Coming from a society where women were barred from serious writing and teaching, Julian, an anchorite in the great medieval city of Norwich, nevertheless used the English vernacular of the day to describe an extraordinary series of 'showings' which she received from God.
One of the first woman authors, Julian of Norwich produced in Revelations of Divine Love a remarkable work of revelatory insight, that stands alongside The Cloud of Unknowing and Piers Plowman as a classic of Medieval religious literature. This Penguin Classics edition is translated from Middle English by Elizabeth Spearing, with an introduction and notes by A.C. Spearing.
After fervently praying for a greater understanding of Christ's passion, Julian of Norwich, a fourteenth-century anchorite and mystic, experienced a series of divine revelations. Through these 'showings', Christ's sufferings were revealed to her with extraordinary intensity, but she also received assurance of God's unwavering love for man and his infinite capacity for forgiveness. Written in a vigorous English vernacular, the Revelations are one of the most original works of medieval mysticism and have had a lasting influence on Christian thought.
This edition of the Revelations contains both the short text, which is mainly an account of the 'showings' themselves and Julian's initial interpretation of their meaning, and the long text, completed some twenty years later, which moves from vision to a daringly speculative theology. Elizabeth Spearing's translation preserves Julian's directness of expression and the rich complexity of her thought. An introduction, notes and appendices help to place the works in context for modern readers.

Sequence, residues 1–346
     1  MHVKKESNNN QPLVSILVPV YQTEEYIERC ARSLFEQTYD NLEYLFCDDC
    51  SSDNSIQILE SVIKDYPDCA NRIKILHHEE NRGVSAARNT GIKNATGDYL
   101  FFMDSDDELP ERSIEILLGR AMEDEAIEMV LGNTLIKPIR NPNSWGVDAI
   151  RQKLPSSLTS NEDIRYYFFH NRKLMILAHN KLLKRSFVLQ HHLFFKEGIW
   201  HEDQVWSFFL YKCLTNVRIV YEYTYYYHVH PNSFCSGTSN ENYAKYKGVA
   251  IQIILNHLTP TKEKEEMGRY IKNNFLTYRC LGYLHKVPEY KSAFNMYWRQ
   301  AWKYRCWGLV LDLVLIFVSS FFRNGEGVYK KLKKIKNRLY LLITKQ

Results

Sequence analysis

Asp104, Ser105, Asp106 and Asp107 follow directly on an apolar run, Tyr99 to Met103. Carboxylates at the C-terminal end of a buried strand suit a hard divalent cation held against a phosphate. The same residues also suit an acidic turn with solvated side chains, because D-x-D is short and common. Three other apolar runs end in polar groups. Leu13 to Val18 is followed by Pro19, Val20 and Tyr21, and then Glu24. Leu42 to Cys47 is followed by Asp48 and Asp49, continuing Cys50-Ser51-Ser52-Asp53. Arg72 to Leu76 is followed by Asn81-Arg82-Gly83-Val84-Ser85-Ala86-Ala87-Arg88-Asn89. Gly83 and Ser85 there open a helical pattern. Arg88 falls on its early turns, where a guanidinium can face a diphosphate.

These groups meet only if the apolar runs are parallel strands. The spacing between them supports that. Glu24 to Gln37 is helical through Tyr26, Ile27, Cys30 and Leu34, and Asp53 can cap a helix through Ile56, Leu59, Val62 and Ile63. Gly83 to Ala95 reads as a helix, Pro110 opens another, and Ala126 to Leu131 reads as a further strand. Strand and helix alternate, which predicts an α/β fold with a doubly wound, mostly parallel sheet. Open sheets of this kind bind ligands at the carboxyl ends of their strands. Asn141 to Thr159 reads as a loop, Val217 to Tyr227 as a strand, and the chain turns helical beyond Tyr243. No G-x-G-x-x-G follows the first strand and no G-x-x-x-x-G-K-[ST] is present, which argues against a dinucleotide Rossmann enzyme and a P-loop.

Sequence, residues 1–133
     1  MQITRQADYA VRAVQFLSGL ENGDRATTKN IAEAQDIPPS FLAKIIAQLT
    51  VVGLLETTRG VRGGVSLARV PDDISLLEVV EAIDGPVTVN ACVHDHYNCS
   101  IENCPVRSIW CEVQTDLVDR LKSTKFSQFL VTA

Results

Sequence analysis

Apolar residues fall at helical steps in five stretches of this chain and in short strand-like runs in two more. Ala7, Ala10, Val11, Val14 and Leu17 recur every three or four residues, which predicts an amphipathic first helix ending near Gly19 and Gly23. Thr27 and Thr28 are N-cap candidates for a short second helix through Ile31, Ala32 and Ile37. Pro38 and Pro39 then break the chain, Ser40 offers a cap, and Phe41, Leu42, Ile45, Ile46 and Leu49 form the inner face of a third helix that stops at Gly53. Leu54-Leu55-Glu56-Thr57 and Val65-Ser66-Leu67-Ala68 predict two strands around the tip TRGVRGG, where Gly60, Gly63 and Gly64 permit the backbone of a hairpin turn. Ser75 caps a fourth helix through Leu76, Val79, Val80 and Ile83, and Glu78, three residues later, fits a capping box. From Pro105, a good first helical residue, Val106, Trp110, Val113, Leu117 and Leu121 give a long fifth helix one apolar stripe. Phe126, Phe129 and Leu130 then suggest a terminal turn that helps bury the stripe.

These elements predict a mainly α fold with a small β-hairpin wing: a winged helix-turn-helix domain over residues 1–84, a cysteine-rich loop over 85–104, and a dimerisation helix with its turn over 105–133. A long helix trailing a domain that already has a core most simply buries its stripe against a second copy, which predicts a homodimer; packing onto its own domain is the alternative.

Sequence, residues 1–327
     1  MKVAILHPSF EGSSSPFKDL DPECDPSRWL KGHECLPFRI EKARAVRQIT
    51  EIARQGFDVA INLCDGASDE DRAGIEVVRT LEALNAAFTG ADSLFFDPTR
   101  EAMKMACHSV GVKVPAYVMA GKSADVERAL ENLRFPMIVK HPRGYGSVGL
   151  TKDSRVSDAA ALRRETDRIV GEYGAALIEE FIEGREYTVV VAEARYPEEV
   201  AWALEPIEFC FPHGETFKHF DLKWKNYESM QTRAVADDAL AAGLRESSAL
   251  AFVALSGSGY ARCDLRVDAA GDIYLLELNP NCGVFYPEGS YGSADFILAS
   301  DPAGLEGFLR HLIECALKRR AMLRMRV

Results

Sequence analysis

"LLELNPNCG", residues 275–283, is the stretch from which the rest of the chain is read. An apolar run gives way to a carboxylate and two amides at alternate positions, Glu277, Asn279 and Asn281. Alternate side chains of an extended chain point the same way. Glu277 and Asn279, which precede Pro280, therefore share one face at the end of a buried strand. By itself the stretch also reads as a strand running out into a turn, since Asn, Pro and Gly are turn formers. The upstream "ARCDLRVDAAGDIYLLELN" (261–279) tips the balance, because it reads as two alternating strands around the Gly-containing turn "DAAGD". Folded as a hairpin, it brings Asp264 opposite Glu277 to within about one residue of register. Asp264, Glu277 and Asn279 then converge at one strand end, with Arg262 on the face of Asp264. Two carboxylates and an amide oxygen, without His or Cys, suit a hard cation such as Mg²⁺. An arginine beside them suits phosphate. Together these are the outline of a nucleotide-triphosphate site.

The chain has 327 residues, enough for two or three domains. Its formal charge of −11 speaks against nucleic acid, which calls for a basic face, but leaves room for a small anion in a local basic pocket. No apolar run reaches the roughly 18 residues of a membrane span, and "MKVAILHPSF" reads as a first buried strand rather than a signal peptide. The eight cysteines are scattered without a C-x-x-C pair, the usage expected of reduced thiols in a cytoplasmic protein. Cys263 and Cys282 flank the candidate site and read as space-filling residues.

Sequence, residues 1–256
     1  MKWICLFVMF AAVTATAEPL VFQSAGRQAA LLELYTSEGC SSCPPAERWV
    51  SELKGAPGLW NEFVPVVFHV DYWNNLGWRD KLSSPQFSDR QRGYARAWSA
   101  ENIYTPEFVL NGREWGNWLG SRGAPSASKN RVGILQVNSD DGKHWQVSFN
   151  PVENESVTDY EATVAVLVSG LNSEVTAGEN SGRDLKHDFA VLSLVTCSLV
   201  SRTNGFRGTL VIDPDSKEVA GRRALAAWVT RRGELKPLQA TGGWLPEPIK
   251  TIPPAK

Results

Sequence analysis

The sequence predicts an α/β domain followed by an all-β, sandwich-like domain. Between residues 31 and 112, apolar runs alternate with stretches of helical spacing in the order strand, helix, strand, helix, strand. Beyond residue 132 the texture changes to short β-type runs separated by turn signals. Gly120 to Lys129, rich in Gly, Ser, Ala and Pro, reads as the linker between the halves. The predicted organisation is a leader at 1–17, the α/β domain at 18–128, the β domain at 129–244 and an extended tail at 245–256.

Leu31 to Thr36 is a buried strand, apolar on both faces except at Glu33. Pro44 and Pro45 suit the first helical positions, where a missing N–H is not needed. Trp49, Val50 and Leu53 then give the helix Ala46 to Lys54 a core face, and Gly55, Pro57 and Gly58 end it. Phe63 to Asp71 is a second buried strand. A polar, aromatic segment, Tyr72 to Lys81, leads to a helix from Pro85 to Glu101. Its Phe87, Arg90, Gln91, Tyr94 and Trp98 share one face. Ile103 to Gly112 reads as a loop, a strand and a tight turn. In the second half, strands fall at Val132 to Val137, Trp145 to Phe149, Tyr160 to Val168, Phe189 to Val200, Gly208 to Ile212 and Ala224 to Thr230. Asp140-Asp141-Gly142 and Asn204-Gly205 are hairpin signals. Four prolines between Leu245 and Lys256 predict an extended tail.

Julian of Norwich (c. 1342 after 1416) was the first woman writer in English. Nothing is known of her background or even her real name, simply that she believed she was a messenger to all Christians because of her 'showings' from God.
If you enjoyed Revelations of Divine Love, you might like The Cloud of Unknowing, also available in Penguin Classics.